Archive for the ‘Blog’ Category

Amor Fati

Posted: September 12, 2012 in Blog

Our fate is a glorious one, brothers and sisters. Life perpetually offers its abundance to our evolution in combination with the tenderness of our companions and the diversity of this natural world.

Is this fatalism? Is everything then left to destiny?
My experience cautions me, “No.”

We sculpt our own destiny by choosing how much effort we put forward each and every moment, in connecting with life where it expresses and unfolds itself. At times, we falter in our will to do what is necessary and the richness of our life dwindle. If you long to live a full and honest life, then rise up to meet life’s callings and respond with resolution!

Amor fati – choose your fate, love your fate 🙂

A Night in Chiang Mai

Posted: December 13, 2011 in Blog

I do not write many blogs as evident here. But after seeing Juste’s blog, I feel why not share a little (people deserve to know what’s actually going on in my head… and it is nice to have a written record of these random thoughts).

So… It is 7:30pm in Chiang Mai, I am biking back to my sweet hotel (the Eco Resort). I am exhausted after my first ever power yoga class, which literally kicked my ass. I was sweating so much that I was slipping on my mat in downward dog (well, what can you expect when these guys crank up the heat in the studio).

The gym is located at the Central Airport Plaza (a multi-storied Western-styled mall) and it claims to be part of the world’s biggest fitness club. (Is that really so? I have never heard of a California Wow Xperience before. Have you?) I wanted to try the gym out (group fitness and yoga classes were what I was after) and saw on their website that there was a 7-day free pass. Sweet! I am here for the next 6 days. This works out perfectly. God is kind. Well, it turned out to be a bit of hustle. Upon arrival, I was directed to wait for the sales people. Despite the club’s trendy/hip look, the staff had difficulty speaking English. After a few rounds of back-and-forth, I was sent home under the direction that I needed to have printed the voucher and that they couldn’t do it there without it. OK. Not much I can do. When I returned an hour later, I realized that the staff had all been changed. I was welcomed at the reception by Fanta and Cute (yes… these were the actual names on their employee tags) and like before I was asked to sit and wait for a sales staff. This is where Nicky came into my life. Nicky spoke little to no English and was trying to convince me that the offer was only meant for Thai national. Yah right. She kept asking me how long I would stay in Chiang Mai, as if that was a condition for the offer. I mean I understand where she is coming from but there is just nothing (not even in fine print) on this voucher. She made me give her a fictitious cell number (she even wrote down hers and made me say her name five times) and told me that she will be offering me a special one-year membership, for 9,999 baht. OK, Nicky. Let’s chat in a week’s time.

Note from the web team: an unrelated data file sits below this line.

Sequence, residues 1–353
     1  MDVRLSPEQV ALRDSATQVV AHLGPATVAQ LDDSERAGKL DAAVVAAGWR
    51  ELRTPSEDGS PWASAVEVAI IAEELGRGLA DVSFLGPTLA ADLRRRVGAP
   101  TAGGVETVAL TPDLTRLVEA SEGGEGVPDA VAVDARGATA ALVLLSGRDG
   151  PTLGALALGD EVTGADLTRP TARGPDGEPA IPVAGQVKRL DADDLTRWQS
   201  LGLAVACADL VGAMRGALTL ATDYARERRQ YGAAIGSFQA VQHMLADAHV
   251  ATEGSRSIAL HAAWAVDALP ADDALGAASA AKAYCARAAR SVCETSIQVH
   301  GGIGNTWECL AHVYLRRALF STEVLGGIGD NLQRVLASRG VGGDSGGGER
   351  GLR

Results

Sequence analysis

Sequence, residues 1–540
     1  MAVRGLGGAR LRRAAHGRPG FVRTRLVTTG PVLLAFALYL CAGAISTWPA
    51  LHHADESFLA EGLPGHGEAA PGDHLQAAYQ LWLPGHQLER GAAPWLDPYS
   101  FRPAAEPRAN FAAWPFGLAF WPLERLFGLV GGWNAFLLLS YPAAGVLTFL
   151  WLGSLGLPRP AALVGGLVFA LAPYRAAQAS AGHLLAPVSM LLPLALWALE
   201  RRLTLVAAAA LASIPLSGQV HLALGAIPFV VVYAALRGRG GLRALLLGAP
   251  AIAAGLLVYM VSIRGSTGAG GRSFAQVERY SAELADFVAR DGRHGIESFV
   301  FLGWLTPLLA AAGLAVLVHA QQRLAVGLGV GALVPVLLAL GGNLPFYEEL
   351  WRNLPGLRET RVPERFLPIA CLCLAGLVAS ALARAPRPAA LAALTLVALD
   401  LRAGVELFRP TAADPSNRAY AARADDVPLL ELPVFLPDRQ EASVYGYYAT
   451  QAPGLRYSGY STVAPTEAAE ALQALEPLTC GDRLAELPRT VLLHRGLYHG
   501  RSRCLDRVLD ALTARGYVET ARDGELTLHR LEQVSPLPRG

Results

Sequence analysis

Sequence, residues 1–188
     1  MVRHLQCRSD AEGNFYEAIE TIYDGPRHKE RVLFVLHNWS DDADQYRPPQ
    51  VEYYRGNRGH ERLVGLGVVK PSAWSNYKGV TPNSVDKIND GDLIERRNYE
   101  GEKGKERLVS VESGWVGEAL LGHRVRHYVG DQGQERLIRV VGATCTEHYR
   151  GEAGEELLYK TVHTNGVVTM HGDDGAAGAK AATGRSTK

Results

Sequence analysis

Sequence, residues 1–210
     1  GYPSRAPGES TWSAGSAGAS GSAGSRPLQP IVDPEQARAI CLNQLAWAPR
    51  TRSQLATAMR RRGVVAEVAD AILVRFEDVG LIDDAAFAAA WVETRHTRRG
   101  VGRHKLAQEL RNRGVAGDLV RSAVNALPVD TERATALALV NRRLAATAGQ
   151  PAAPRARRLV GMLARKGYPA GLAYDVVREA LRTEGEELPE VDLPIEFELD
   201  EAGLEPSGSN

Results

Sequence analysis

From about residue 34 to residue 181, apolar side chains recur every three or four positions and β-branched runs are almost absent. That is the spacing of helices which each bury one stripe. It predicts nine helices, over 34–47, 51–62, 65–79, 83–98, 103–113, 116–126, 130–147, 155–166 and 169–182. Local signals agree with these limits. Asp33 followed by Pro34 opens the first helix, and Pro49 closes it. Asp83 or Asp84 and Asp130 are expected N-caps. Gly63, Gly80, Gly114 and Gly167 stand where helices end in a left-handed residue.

Anyhow, so I am slow pedaling into the night. I am starving. So once I hit the old city wall and locked my bike, I was on the prowl for food. I realized instantly that I have been here once before in September, but it was so short that time (only a day), I definitely did not have any sense of orientation as to where I was. Amazingly, I think I found the same food cart to eat at. I ordered a mixed vegetable with chicken which I chowed down quickly. Knowing by now that these Thai portions do not fill me, I started to walk along the street and hoping to find new things to try. The choices are plenty but without knowing Thai, I had no clue what some of these carts offered. When I spotted some nicely barbecued drumsticks, I decided to inquire about the price. 20 baht… not cheap for something I already know the taste of… but crap, she had already picked it up and started to put it into a plastic bag… OK… I guess I will just have to save room to try for new things next meal. I decided that I wanted more (I wanted total satisfaction). I walked more and saw a lady selling Thai sweets. I bought two different pieces of what may be describe as mini-cakes and they turned out to be quite good. That concluded my little food binge and it was time to get back on the bike.

Two reccuring thoughts kept seeping back through my head (both had direct stimuli enter through my vision) as I continued pedaling.

  1. Why is every single white man I see with a Thai girl (and of course, the older guys are accompanied by girls half their age)? I mean do they pair people up when they clear the custom? Did I missed a check point at the airport or something?
  2. Why do people stare/look at me so much here? I do not believe that I look that different from an average Thai. I admit that maybe riding a sky blue beach cruiser that probably says “FOR RENT” in Thai on the basket is not the best way to avoid attention. But still why here in Thailand, out of all the places I have been in the world? (I decided that I love the extra attention… and giggled.)

I continue to ride up North along the moat. Then all the sudden, a gorgeous girl waves at me from her bar table (with a couple of friends I guess). I was completely caught off guard, having been spending time in my head. So I instinctively waved back. But wait… Do I know her?… probably not… no… definitely not. Should I keep on riding or head back?… But head back for what?… well, for one, she was GORGEOUS… mmm… Nah… maybe next time when I am looking for some fun… I felt somewhat rude for turning her down. Why is that? But what the heck. I make the turn and hit a new part of the town that I have not visited before. This is probably the bar area / night bazaar. Bars after bars, foreigners on the street, massage places with Thai girls sitting out at the doors. Yup, if there was ever a night district in Chiang Mai, this would be it (which reminds me of the times in Phuket three years ago).

It didn’t take long before I was out of all the noises and light. After crossing the Ping River, I was very close to home and tranquility set back in quickly. Riding my beach cruiser all over Chiang Mai has become my favorite thing to do here. The night temperature is perfect and the breeze in the air is wickedly refreshing. A full moon hangs just over the dim lights of the river-side restaurants. Chiang Mai is such a chill city!

A Day at Agama Yoga in Mazunte

Posted: May 1, 2010 in Blog, Yoga

Five weeks of yoga course have come to an end. An end that only marks the beginning of my spiritual path – the path to my inner self. Many beautiful people have helped me to get started on this path. They shared their beauty and love with me. I have no words to express my gratitude, so I intend to describe an exemplary day at Agama Yoga Mexico in Mazunte, where we once experienced the simplicity, the purity, and the pleasures of being.